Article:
I wanted to escape.
"But how?" I cried to myself.
I couldn't walk without cowering to one side as people passed — people who looked my way like I was a social anomaly — or pressing on to the wall as I made my way towards my locker. With shaking hands I tried to insert the key, but then my frantic eyes caught sight of a white envelope tucked in the vent of the compartment, and I pulled it out.
Inside was a piece of drawing that I had seen before, only this time hand-drawn and watercoloured — the same boy, holding the same yellow flower, his eyes the same shade of brown, his cheeks the same tint of rouge. I ran a trembling finger down the smooth fibre of the paper, and the indentations where the pen had smoothly glided over to form the outline. It was simple, yet it indicated something else that I had never thought about before.
As if anticipating the divulging of a concealed secret, I turned the painting over, and saw the short message in pencil, at the bottom of the empty page.
Can we be more than just friends?
My hands gripped the sheet tightly, quivering like never before — but inside I was
numbed, numbed by the surge of emotions that broke the internal barrier and threatened to flow out to the outside world, to reveal to everyone how ignorant I had been, how insensitive I had been, how unreservedly stupid not to have realised, not to have understood it all.
Blinded by the growing saline tears in my eyes I broke into a run, shunning everyone else as I did, trying to find the same face that frequented my world of vision, the same face that haunted my flights of fancy. I went to the news office; the hall; the storerooms; the classrooms that we'd been using all along — but he was gone.
In a room on the topmost floor at the far end of the building I finally found him — his fist clutching his chest in agony, his eyes squeezed shut, his face gleaming with sweat, his breaths short and shallow, coming as sharp, painful gasps.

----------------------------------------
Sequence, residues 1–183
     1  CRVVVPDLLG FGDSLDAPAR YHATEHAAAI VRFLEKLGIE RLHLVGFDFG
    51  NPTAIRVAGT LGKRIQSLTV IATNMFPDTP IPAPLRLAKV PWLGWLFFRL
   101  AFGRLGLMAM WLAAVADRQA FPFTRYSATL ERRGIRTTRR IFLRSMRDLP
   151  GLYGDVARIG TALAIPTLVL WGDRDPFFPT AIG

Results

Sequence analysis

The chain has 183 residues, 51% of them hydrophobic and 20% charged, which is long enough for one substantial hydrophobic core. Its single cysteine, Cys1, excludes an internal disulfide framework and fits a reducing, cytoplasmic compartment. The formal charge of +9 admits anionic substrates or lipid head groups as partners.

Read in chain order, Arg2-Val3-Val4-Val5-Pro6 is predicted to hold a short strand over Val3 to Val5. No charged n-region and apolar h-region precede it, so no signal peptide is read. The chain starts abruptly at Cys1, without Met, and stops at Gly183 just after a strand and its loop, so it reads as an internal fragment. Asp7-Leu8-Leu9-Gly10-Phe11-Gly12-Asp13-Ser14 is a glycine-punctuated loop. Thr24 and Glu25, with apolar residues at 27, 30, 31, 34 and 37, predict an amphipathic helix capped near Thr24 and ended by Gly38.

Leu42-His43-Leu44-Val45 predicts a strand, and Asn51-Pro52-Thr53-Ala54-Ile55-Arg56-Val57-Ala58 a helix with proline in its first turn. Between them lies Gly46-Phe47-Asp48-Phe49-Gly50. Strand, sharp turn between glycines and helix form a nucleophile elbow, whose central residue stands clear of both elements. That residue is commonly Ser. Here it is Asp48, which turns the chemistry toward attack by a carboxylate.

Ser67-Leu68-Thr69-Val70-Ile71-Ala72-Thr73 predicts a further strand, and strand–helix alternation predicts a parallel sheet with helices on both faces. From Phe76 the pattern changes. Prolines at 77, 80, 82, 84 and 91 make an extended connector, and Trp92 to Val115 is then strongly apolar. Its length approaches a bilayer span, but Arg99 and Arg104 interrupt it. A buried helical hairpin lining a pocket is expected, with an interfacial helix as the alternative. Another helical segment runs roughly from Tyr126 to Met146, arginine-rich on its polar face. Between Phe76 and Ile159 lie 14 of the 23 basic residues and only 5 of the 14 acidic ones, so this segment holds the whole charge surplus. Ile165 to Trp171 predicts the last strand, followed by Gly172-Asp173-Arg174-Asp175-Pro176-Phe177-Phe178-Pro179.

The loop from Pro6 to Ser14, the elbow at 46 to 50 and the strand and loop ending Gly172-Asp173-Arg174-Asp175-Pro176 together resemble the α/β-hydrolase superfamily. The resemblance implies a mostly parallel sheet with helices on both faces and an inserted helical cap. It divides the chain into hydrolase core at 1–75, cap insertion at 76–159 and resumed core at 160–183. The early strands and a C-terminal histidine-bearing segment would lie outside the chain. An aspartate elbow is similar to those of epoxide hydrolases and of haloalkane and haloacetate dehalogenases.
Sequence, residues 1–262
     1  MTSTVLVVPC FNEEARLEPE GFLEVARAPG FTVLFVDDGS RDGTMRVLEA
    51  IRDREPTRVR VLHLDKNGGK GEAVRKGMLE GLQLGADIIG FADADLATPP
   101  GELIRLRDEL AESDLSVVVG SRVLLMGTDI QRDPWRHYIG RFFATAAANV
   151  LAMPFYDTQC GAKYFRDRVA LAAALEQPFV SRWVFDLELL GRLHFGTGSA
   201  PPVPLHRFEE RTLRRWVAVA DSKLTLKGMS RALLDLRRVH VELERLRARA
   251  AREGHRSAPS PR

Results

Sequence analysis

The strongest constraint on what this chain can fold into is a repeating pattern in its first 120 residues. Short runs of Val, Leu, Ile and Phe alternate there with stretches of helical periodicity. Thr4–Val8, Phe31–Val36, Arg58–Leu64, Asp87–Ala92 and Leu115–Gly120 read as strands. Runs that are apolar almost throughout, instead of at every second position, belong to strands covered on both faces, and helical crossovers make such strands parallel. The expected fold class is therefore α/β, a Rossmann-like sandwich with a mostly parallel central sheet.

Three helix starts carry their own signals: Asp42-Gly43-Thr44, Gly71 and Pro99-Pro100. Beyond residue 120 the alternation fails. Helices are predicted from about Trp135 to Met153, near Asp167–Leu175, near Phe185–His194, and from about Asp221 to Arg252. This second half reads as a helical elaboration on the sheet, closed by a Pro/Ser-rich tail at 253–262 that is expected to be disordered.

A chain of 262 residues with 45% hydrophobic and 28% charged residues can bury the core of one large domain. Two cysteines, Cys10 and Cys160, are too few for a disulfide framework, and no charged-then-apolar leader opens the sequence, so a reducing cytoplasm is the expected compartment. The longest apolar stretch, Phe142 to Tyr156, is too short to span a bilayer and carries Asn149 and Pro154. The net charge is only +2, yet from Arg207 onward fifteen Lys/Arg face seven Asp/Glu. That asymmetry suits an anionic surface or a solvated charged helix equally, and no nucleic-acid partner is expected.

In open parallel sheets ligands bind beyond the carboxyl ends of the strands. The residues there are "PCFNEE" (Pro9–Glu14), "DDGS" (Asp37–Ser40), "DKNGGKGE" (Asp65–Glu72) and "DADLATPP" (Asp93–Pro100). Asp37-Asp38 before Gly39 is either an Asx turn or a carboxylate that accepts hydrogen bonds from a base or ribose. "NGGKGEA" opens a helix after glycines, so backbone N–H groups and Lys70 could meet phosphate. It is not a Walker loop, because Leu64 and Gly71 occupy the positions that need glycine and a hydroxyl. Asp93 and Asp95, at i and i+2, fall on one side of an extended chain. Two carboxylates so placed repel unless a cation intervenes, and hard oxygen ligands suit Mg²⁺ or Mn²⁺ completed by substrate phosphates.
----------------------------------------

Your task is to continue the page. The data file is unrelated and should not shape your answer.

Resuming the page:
And high above his back stretched a pair of vast black wings — a stark contrast from all those that I'd seen — arching over him like a permanent lifeline. They shone in the flood of daylight, and with a sick wrench of my heart I managed to piece the last segment to the image jigsaw that I had been trying to complete all this while.
In one horrifying moment his eyes snapped wide open, and they were a macabre shade of glowing silver-grey. Behind him the dark wings extended to their full length, and all fell silent.
I could not breathe, and neither could he. He gazed at me one last time, a clear trail falling down his face. His wings shattered to shards right before my very eyes, and he collapsed, perpetually still.
I sat, trembling, by his limp body, reaching out to touch his face, for the very first time. The coolness of his tears stung, much like the tiny fragments that grazed between my leg and the cold, dusty floor.
"Dresden . . ."
For the next few minutes I could only let my own tears fall onto the sleeve of his shirt, the shirt that lightly fluttered in the same breeze which had existed in my dream. And there he lay, amidst the sable remnants of wings — of glass and feathers — the drawing by my side: orphaned; disremembered; purpose attained at the wrong moment of time.
"I didn't know . . ."
– – –
In my dream a voice enlightens me with the truth — a truth which I have never known, a truth which I rather be unaware of, yet a truth which makes me unable to forgive myself for not realising what I had missed all this while.
He was born with a heart murmur, an atypical sound from it that indicated a structural abnormality. No sooner had he came into the world than the surgeons discovered there was a hole in his heart. It had been too dangerous to operate on him just then — and as the days passed complications arose, and the hole became too large to be possibly sealed.
He grew up with it, diverting any public attention and opinion from the defect, and lived — as a son, as a brother, as a friend, as a guardian angel to a certain person — though he had no awareness of it.
And that person is me.
The murmur was not a verbal whisper, not a voice from deep within. Instead, it was the rhythm of his life, and it beat its finale after its intention was discovered, comprehended — although at too late a time — and forever treasured.
We never know who that special someone is. Time can only tell — till we dawn upon it ourselves, till that person reveals the truth (what is the truth?), till we succumb to the sweet offerings of the unknown future . . . till death us do part.